Of the 19 patients who underwent TORS and neck dissection concurrently, 3 patients had documented evidence of orocervical communication identified intraoperatively. In the group of patients who underwent TORS followed by neck dissection, 2 of 6 had documented evidence of orocervical communication identified intraoperatively. In both groups of patients, in all cases where intraoperative communication was observed and documented, repairs were performed and none of these patients went on to have a post-operative leak.

There was only one patient in the study who developed a post-operative leak. This was a 48-year-old man with a T1N2bM0 right tonsillar SCC who underwent a concurrent neck dissection and TORS. Interestingly this man was not identified as having an orocervical communication intraoperatively and no prophylactic repair was performed. The discovery of a leak was made in the immediate postoperative period when the wound site was observed to inflate and deflate with respiration. He was treated conservatively with low-pressure wall suction, appropriate dressing, intravenous antibiotics and delay of oral diet with exclusive nasoenteric feeds for alimentary support. A subsequent barium study performed 12 days postoperatively showed no evidence of extraluminal contrast material to suggest a leak, at which time all of the above interventions were ceased. The leak did not reoccur thereafter.


There is currently no universally accepted guidelines or gold standard for timing of neck dissection in patients undergoing TORS lateral oropharyngectomy for the treatment of tonsil carcinoma. Concomitant primary resection and neck dissection would allow for selective arterial ligation and identification and repair of a level 1b orocervical communication, or prophylactic repair of this area, to prevent postoperative salivary fistulas. The patient needs only one general anaesthetic and there is an overall reduction in the total treatment package time and potential risk of tumour progression that could occur with delay in initiation of definitive treatment (22). Unfortunately, this is not always feasible, due to limited access to TORS operative lists and the increasing number of patients presenting with HPV-related tonsil cancers. Maximization of the TORS list for primary resections can occur by staging the neck dissections on these patients, either before or after the TORS primary resection. Performing the neck dissection before the primary resection facilitates pre-resection selective arterial ligation and prophylactic repair of level 1b (where orocervical communications occur), although strong evidence to show a resultant reduction in secondary haemorrhage and salivary fistula rates remains to be elucidated.

The Royal Adelaide Hospital began TORS protocol for the treatment of tonsillar SCC in August 2008. In this time the type and timing of the neck dissection has evolved as a result of a better understanding of the postoperative journey. There are now two major modifications to a standard neck dissection that we would routinely advocate. These are selective arterial ligation of the facial, lingual and ascending pharyngeal arteries, and local muscle flap reinforcement of level 1b (even in the absence of an identified orocervical communication). In this retrospective study there were no secondary bleeds or salivary leaks in the patients in which the neck dissections (and modifications) were conducted either on the same day or the week prior. To facilitate the improved morbidity that comes from these modifications the neck dissection needs to be performed either concomitantly or prior to the primary resection. This study, although limited by small numbers, confirmed the feasibility and safety of such a protocol.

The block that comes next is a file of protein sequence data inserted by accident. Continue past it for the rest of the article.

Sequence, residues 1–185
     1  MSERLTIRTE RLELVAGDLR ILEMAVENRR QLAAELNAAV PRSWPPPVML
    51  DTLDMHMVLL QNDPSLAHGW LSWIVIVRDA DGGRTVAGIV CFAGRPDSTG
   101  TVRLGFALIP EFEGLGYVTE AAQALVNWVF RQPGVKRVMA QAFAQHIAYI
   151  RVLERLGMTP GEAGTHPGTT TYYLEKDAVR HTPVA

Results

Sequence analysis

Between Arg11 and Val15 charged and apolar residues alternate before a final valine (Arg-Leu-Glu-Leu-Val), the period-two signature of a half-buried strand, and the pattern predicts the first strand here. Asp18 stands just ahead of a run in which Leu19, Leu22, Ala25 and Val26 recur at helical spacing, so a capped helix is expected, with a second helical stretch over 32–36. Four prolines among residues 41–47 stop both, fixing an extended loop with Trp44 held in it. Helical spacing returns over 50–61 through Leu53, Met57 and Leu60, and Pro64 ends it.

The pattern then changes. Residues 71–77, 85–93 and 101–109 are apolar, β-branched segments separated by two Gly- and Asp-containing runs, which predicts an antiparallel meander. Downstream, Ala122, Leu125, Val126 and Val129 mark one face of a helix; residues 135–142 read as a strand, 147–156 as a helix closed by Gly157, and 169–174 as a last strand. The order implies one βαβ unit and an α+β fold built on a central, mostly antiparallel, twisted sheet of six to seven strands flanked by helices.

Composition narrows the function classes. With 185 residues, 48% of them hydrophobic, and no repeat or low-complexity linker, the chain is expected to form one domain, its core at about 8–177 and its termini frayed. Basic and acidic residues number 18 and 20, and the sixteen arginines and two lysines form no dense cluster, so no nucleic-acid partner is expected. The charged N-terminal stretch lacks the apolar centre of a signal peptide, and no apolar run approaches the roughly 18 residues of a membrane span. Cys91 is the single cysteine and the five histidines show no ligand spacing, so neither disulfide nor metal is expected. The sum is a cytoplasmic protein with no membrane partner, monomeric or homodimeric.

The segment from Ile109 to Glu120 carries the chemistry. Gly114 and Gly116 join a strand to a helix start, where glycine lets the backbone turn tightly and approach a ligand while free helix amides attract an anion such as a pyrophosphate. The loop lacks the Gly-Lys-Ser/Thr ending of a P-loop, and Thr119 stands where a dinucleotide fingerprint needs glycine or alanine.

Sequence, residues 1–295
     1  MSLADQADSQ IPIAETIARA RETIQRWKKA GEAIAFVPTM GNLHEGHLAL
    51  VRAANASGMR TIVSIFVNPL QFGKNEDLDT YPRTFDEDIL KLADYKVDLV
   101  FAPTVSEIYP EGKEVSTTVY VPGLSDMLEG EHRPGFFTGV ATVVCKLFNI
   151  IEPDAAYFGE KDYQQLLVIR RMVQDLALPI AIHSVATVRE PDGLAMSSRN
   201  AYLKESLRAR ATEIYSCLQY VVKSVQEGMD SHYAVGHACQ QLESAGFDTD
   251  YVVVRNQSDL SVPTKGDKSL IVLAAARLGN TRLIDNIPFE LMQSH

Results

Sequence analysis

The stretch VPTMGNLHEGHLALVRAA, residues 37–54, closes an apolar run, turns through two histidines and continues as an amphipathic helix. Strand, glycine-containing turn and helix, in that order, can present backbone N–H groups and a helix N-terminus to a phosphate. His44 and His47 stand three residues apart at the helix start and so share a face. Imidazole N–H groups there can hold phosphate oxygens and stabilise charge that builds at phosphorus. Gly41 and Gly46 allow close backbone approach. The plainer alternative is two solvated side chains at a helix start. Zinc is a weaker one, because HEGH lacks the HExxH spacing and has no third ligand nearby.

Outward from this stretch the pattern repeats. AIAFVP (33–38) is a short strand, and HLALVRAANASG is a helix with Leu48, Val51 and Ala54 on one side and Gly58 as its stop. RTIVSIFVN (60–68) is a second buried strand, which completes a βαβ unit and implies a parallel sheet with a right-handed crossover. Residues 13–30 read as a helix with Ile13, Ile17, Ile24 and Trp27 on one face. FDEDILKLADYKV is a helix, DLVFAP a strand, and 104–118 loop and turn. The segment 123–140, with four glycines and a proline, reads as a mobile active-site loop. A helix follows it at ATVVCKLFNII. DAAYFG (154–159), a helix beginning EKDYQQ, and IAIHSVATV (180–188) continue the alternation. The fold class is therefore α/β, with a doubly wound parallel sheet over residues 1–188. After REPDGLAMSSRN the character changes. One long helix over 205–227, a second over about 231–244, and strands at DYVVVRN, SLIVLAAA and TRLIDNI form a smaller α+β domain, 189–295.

The literature is scarce regarding prophylactic external carotid system vessel ligation during neck dissection and incidence of post-TORS lateral oropharyngectomy hemorrhage. To assess post oropharyngectomy haemorrhage rates and associated risk factors Pollei et al. conducted a retrospective chart review of 906 patients who underwent any type of transoral surgery for oropharyngeal carcinoma (14). Transcervical external carotid system vessel ligation was performed with the primary resection in 15.6% of patients. There was no overall difference in bleeding rate or severity of bleeding in patients who underwent ligation versus those who did not. There was a trend toward reduced post-oropharyngectomy bleeding severity with vessel ligation and so this group of authors recommended ligation for patients at higher risk of haemorrhage such as those with high T-stage tumours, primary tonsil tumours and patients undergoing revision surgery. Mandal et al. undertook a retrospective review of 224 consecutive patients who underwent TORS for any indication at a single institution and found 22 patients (9.82%) who had varying degrees of post-operative bleeding (13). The results of this demonstrated that prophylactic transcervical arterial ligation did not significantly decrease overall post-operative bleeding rates, however, like the previous study, there was a trend toward decreased haemorrhage severity.